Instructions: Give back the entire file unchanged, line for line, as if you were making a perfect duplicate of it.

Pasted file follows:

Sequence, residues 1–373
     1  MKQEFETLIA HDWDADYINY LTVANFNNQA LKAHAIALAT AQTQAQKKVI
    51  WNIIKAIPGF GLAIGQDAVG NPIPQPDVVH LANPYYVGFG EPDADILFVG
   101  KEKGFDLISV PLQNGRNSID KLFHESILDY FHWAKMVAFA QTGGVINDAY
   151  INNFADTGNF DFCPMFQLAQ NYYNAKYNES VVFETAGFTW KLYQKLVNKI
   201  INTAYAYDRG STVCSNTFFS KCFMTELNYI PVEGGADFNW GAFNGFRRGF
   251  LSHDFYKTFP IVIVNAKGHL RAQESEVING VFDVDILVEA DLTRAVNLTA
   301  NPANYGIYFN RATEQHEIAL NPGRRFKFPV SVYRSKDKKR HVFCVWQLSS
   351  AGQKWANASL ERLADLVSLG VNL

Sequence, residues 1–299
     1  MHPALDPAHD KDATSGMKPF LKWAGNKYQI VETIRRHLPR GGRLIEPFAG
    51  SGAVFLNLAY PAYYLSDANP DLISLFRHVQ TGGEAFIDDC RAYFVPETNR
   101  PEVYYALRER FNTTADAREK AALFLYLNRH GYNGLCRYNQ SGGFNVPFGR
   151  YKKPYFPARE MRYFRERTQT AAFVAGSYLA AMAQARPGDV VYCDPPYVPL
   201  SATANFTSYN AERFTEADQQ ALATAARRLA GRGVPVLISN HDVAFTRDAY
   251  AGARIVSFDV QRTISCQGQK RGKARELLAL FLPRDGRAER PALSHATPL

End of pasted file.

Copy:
Sequence, residues 1–373
     1  MKQEFETLIA HDWDADYINY LTVANFNNQA LKAHAIALAT AQTQAQKKVI
    51  WNIIKAIPGF GLAIGQDAVG NPIPQPDVVH LANPYYVGFG EPDADILFVG
   101  KEKGFDLISV PLQNGRNSID KLFHESILDY FHWAKMVAFA QTGGVINDAY
   151  INNFADTGNF DFCPMFQLAQ NYYNAKYNES VVFETAGFTW KLYQKLVNKI
   201  INTAYAYDRG STVCSNTFFS KCFMTELNYI PVEGGADFNW GAFNGFRRGF
   251  LSHDFYKTFP IVIVNAKGHL RAQESEVING VFDVDILVEA DLTRAVNLTA
   301  NPANYGIYFN RATEQHEIAL NPGRRFKFPV SVYRSKDKKR HVFCVWQLSS
   351  AGQKWANASL ERLADLVSLG VNL

Sequence, residues 1–299
     1  MHPALDPAHD KDATSGMKPF LKWAGNKYQI VETIRRHLPR GGRLIEPFAG
    51  SGAVFLNLAY PAYYLSDANP DLISLFRHVQ TGGEAFIDDC RAYFVPETNR
   101  PEVYYALRER FNTTADAREK AALFLYLNRH GYNGLCRYNQ SGGFNVPFGR
   151  YKKPYFPARE MRYFRERTQT AAFVAGSYLA AMAQARPGDV VYCDPPYVPL
   201  SATANFTSYN AERFTEADQQ ALATAARRLA GRGVPVLISN HDVAFTRDAY
   251  AGARIVSFDV QRTISCQGQK RGKARELLAL FLPRDGRAER PALSHATPL